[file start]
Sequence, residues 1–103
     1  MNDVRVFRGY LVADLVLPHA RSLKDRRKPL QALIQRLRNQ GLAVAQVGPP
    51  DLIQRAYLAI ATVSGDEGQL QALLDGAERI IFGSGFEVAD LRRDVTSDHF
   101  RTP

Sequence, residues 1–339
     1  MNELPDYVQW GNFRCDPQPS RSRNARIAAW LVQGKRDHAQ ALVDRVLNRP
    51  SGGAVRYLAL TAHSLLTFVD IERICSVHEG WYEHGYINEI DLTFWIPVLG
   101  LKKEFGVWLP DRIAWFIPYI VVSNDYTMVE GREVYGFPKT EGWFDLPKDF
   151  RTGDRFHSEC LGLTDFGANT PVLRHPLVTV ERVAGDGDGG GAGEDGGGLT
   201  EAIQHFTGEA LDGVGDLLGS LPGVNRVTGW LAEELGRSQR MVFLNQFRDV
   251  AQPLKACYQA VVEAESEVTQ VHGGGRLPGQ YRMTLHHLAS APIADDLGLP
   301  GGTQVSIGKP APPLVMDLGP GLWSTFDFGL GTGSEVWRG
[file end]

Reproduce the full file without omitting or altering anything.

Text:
Sequence, residues 1–103
     1  MNDVRVFRGY LVADLVLPHA RSLKDRRKPL QALIQRLRNQ GLAVAQVGPP
    51  DLIQRAYLAI ATVSGDEGQL QALLDGAERI IFGSGFEVAD LRRDVTSDHF
   101  RTP

Sequence, residues 1–339
     1  MNELPDYVQW GNFRCDPQPS RSRNARIAAW LVQGKRDHAQ ALVDRVLNRP
    51  SGGAVRYLAL TAHSLLTFVD IERICSVHEG WYEHGYINEI DLTFWIPVLG
   101  LKKEFGVWLP DRIAWFIPYI VVSNDYTMVE GREVYGFPKT EGWFDLPKDF
   151  RTGDRFHSEC LGLTDFGANT PVLRHPLVTV ERVAGDGDGG GAGEDGGGLT
   201  EAIQHFTGEA LDGVGDLLGS LPGVNRVTGW LAEELGRSQR MVFLNQFRDV
   251  AQPLKACYQA VVEAESEVTQ VHGGGRLPGQ YRMTLHHLAS APIADDLGLP
   301  GGTQVSIGKP APPLVMDLGP GLWSTFDFGL GTGSEVWRG